Batman: No Man’s Land Volume 3 Review (New Edition) By Deffinition
Batman: No Man’s Land has been one of the most inconsistent arcs that I’ve ever read. For every phenomenal feature on The Dark Knight there was an equally terrible one waiting round the corner. Spanning over years (publication wise) it’s not hard to comprehend that the creative team would have certain lapses. However, the overall quality shown in Volume 2 massively put me off the run and approaching its sequel feels like a chore.
I’m hopeful that this can knock it out the park and recapture my love for The Caped Crusader but there is a lot here that could go wrong. Will No Man’s Land restore my faith or should this be where No Man…should dare…go….look…I’m exhausted and I am putting no effort into the puns at this point.
Anyway, with that out the way let’s dive into Batman: No Man’s Land: Volume 3.
The Long And Winding Road
Upon opening Volume 3 I thought ‘oh here we go.’ It’s no secret that this series is really WAYNEing on me (but the jokes certainly aren’t). However, the initial chapter really caught my attention. Centring around The Dark Knight rescuing ‘The King’, at its heart it’s a story of redemption. Previously a career criminal, The King has changed his ways and decided to help the people of Gotham. Snatched by the claws of Killer Croc, Batman must step into the villains lair and get back Gotham’s new saviour. It kicks off the work brilliantly and really piqued my interest.
Another enthralling introductory segment showcases the new Batgirl defending a gas station from thugs who seek to take the highly coveted fuel from its pumps. Taking place over the space of one night we get an almost ‘Assault of Precinct 13’ level of narrative and it really knocks it our of the park due to its elevated drama and action.
These brilliant openers set the stage perfectly for what’s to come. This is a book about survival on the surface but at its heart it’s a tale of humanity.
As with most of these compendiums we get a lot of subplots involving the side characters. In the past I found these rather banal and lacking in quality. However, here they are interwoven well enough into the main plot as to not be a detriment to the pacing.
We see characters like Tim Drake and Azarael really grow into their own and it really elevates their standing within the Dark Knight family.
The book seems to really hit its stride when Batman discovers a group of civilians that have been enslaved and forced to power generators so that the mob can retain electricity in their sector.
Teaming up with the mysterious Lynx, the chapter is an introspective look at what it takes to be a hero and definitely adds a thought provoking element to the proceedings. Batman iterates that being a hero often doesn’t make you feel good but it’s more taking satisfaction from knowing that you helped someone else which is a brilliant take that I’d never considered when reading the Batman Chronological Canon.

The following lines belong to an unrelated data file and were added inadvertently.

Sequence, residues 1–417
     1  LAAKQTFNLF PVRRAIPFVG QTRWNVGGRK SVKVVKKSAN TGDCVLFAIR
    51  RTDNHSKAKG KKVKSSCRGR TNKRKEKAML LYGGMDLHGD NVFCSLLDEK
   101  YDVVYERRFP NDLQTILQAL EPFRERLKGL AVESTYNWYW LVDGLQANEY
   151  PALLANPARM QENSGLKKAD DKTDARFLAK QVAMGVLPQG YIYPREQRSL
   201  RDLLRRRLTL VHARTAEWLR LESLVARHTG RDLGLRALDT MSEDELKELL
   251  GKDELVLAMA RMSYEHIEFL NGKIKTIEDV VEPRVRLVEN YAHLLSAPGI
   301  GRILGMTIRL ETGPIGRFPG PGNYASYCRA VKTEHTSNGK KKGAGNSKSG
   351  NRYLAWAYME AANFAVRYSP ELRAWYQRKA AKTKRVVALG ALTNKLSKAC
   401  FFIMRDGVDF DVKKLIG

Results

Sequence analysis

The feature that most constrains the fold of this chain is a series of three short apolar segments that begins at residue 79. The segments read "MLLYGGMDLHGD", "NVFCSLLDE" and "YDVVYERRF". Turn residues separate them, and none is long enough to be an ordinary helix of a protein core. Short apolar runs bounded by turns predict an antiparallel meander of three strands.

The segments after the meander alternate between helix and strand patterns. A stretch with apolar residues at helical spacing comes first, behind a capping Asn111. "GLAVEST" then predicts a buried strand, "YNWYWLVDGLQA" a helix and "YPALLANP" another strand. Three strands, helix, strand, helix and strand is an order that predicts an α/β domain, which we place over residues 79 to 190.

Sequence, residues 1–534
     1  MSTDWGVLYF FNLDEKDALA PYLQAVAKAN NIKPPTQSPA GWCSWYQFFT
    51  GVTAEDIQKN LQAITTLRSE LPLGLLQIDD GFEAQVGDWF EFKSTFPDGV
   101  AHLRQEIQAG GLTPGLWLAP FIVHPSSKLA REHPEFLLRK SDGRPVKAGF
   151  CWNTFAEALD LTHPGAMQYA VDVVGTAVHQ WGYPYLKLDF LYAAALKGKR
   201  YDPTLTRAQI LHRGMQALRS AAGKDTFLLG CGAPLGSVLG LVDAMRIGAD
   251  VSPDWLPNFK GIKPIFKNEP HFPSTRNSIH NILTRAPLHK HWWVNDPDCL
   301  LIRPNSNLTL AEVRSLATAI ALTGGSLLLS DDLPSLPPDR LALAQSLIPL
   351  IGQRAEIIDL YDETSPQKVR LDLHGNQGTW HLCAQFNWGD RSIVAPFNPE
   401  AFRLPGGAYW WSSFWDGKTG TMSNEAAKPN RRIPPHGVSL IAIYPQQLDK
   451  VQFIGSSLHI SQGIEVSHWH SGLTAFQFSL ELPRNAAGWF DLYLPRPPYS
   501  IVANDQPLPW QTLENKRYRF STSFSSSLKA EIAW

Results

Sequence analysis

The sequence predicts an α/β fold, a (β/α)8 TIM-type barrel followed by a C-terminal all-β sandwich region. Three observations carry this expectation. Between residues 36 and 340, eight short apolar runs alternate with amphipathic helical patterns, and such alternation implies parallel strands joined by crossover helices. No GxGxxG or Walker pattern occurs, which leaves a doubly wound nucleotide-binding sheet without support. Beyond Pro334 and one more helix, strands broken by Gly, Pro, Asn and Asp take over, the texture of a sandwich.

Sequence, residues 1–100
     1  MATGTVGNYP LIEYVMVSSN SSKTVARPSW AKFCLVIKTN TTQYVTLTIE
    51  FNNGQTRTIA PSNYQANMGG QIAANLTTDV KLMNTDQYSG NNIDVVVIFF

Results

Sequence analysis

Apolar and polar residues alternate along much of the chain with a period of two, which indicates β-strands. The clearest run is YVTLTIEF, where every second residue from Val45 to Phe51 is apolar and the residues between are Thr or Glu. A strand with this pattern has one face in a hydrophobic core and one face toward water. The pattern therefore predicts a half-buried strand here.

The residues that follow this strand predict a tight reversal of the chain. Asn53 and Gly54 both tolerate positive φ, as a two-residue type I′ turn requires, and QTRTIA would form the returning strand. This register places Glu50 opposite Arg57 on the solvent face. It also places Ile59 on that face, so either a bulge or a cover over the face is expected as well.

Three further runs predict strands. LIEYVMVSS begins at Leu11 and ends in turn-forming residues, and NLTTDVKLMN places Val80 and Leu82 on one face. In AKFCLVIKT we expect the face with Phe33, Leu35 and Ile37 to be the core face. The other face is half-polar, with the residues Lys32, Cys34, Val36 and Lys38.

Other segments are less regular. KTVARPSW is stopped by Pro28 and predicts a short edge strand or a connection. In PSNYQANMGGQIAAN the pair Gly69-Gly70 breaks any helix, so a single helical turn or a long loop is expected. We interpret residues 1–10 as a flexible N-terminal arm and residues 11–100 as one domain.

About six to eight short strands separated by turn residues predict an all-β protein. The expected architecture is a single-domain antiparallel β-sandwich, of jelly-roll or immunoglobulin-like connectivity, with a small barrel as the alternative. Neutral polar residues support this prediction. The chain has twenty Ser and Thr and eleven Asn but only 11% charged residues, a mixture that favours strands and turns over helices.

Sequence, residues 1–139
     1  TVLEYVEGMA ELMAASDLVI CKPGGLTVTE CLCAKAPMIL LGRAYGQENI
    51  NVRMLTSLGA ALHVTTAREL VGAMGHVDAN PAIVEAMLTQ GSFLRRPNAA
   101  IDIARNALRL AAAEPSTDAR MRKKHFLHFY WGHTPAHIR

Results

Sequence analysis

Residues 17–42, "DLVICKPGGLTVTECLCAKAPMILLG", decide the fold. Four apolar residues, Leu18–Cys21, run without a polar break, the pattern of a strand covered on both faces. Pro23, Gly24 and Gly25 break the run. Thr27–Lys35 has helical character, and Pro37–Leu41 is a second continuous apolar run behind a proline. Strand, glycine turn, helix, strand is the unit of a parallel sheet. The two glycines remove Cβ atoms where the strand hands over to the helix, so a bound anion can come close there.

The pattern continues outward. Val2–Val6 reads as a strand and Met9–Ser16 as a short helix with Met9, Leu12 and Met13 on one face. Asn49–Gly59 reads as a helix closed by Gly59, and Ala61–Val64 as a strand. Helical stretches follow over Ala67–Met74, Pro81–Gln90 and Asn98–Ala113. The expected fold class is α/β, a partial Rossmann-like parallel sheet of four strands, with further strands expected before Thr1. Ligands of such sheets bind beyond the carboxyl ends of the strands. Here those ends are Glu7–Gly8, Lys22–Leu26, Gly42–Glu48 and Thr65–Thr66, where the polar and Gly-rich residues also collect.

“I am going to run for President”
The Joker makes his entry in a big bad way. Teamed with Harley Quinn the Clown Prince Of Crime decides to run for President Of No Man’s Land. It’s laden with laughs and adds a comedic dynamic from the proceedings that was missing prior to it. Whilst short lived it provides a wealth of personality to the book and showcases the level of scenarios that the situation can offer up creatively.
Mirroring this Bane too vies for control of the city. Rising from the sewers he enacts a gang war between Penguin and Two Face that provides a distraction whilst he destroys the hall of records, Marking Gotham for death. Similar to the way Rome salted the roads of cities that it demolished so that nothing would grow, Bane wants to ensure that nothing survives No Man’s Land.
In contrast, Superman returns to the streets to offer a glimmer of hope. Much more positive than the outcome of last time’s encounter, Superman and Batman seem like they have a wealth of respect for one another, even if The Dark Knight is too stubborn to ask for help.
As a whole these chapters help to cement this book as a strong step in the right direction for the saga and I believe that most comic book fans will find enjoyment in at least one of the off shoot stories. Making for a great book.
Batman: No Man’s Land Volume 3 continues the consistency of the No Man’s Land Saga’s inconsistency. Overall getting things back on track this feels overall like a step in the right direction. There is very little to dislike here and the stories that are lacking in quality never stick around long enough to sour the overall experience.
I wish this book had been Volume 2 as I think it works perfectly as a direct sequel to Volume 1 and is a lot higher in quality than its predecessor. Ending on the perfect cliffhanger I can’t wait to pick up Volume 4 and see how this entire storyline ends.
Making me want more. No Man’s Land Volume 3 New Edition gets an…